Over the weekend, I had the pleasure to watch Gravity. I found myself on the edge of my seat for most of the movie as it was so intense. It was visually stimulating and a real emotional driver, especially at the end of it. Even if it does seem like another simple survival story punctured with factual errors, I join the ever growing chorus of netizens and recommend you see this movie.
It's a very intense movie. Within the first few minutes we see the shuttle destroyed. Ryan is flung off into space. (If it was me, I'd have already lost all hope and resigned myself to death.) You might have wondered if we were about to watch 80 more minutes of her tumbling out into space. No, but you will see her face the grim situation as she locates her dead crew members. This movie doesn't let you catch your breath for long for the mission to get home by any means possible starts right up.With the shuttle destroyed, an attempt is made to get to the International Space Station. That's a scary proposition in any event, much less with a jet pack and another person in tow. The two astronauts do make it to the ISS but their momentum is so fast that they can't manage to grab and latch onto the station. The two are just about to have blown their chance when Stone's foot gets tangled in some lines. Kowalski is at the other end of their tether and decides to sacrifice himself to prevent Stone's tenuous connection to the ISS from breaking and dooming them both. Without Kowalski, Stone is now on her own to try an make it back to Earth. Unfortunately the ISS's Soyuz capsule can't get her to Earth but it could get her to the Chinese station, Tiangong, and its Shenzhou capsule. So the rest of the movie is seeing her taking on this seemingly insurmountable challenge for if she can get into that Shenzhou capsule, she'll be able to get down to Earth.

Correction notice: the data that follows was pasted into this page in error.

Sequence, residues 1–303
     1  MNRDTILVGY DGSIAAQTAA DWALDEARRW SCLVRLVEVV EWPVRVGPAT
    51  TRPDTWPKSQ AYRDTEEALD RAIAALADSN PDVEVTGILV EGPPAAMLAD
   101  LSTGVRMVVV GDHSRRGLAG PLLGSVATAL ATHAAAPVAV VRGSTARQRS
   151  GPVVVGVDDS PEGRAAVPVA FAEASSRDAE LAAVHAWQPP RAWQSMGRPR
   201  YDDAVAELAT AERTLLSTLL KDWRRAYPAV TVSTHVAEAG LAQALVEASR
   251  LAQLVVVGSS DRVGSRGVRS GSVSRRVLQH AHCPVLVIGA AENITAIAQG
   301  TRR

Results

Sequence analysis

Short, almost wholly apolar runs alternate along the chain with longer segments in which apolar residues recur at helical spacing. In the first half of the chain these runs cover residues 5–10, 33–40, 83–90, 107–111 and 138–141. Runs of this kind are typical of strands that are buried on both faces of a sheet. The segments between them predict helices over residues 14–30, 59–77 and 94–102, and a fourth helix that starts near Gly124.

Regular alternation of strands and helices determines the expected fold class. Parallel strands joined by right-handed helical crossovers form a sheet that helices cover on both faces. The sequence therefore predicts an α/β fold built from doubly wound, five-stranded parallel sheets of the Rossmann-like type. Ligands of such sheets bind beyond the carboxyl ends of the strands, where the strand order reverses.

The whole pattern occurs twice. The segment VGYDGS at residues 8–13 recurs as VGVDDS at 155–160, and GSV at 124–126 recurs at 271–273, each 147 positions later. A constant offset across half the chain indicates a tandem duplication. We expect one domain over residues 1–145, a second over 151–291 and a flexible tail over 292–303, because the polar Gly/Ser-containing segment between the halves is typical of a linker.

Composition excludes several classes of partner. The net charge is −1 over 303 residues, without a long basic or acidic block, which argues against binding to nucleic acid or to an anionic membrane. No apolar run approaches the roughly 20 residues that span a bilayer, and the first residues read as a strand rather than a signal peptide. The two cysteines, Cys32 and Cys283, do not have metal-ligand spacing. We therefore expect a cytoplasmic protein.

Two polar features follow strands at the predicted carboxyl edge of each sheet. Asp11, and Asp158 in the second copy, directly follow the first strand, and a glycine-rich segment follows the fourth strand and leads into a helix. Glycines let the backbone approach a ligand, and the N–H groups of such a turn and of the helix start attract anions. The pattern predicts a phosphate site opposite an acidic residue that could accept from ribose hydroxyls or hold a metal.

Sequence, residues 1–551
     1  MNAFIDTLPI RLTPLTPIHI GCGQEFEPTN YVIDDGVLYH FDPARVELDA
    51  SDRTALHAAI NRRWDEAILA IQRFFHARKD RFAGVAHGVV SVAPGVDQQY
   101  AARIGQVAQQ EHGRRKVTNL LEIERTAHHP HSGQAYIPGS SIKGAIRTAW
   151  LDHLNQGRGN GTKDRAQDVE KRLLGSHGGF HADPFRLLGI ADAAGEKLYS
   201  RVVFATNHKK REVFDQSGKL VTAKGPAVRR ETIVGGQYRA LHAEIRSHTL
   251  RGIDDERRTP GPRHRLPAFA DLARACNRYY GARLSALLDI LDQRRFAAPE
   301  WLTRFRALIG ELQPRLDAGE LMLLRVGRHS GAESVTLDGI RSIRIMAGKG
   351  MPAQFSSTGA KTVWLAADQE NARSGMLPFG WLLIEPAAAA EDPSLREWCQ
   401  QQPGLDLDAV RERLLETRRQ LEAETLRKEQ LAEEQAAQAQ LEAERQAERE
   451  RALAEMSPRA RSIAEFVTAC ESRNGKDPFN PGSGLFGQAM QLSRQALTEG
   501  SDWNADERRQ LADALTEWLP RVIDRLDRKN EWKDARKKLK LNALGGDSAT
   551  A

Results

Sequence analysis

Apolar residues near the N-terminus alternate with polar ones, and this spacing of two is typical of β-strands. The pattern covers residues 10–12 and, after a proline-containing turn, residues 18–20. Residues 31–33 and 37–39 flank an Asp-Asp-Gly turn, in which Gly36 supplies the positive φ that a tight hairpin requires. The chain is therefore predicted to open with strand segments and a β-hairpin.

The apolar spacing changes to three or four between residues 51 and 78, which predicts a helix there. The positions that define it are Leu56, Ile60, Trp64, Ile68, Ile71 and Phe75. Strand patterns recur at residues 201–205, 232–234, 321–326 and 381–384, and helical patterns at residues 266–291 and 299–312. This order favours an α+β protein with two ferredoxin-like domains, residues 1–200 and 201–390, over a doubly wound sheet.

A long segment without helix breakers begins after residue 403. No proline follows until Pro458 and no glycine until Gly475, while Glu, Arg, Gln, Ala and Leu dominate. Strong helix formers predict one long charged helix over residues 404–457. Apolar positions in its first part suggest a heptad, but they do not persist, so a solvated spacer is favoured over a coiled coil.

Visually speaking, the movie is spectacular. I purposefully sat up closer in the theater than I do usually because I knew shots of Earth were going to be jaw dropping. It wasn't just that but the long interior shots of the space stations and capsules give you perspective that still photography just doesn't. So when you go see it, see it up close and in 3D.
What I liked about this movie was that it touches you on a most basic emotional level. It reminded me a lot of Alfonso Cuarón's previous work, Children of Men. Ryan's child died and as a result she has also died in a sense. She is a shell of a woman performing her duties and letting the rest of the world go by. As she tries to survive though, we see her come back to life. Death is absolute and scary but Kowalksi embraced it for the small chance of saving the life of another. I think that his act, and Stone's final appreciation for life generally as well as her own, should all make us want to enjoy and make the most of our own for however long that may be. The best part of the movie is where she has made a decision that will lead to one of two things: survival or death. Whichever consequence she encounters she is at peace and as an audience member, I was actually at peace as well. In that moment, she did the best she could and no matter what happened, you can respect and be inspired by what she had done.
Initially, I wasn't interested in seeing this as I thought would be another survival tale and that there wasn't possibly enough plot to keep me interested. Word of mouth, though, was strongly positive and I thought I'd give it go. I am definitely glad I did.
When it comes to sci-fi, I always like to nit-pick and this movie did not escape notice. First I was annoyed by the fact that they were in a shuttle (which have been retired) working on the Hubble telescope which is nearing the end of its service life. Also, there was the suggestion that Hubble orbits at the same altitude of the ISS or that communications satellites were even lower orbits when in actuality it is the ISS in lower orbit with Hubble in a higher orbit, and communications satellites in a even higher orbit. I think I scoffed too loudly when I heard that Stone was a medical doctor and that she was up there with only 6 months of training. When the debris hit, I knew it was wrong for it to becoming in like stampede. Later on when Neil deGrasse Tyson tweeted about the actually science inaccuracies I learned a few additional ones like the direction of the debris was coming at the wrong direction during the ISS scene. But hell, I was more stoked that I had the same observations as Tyson. I feel more intelligent as a result.
Anyways this has been long enough. Go see Gravity.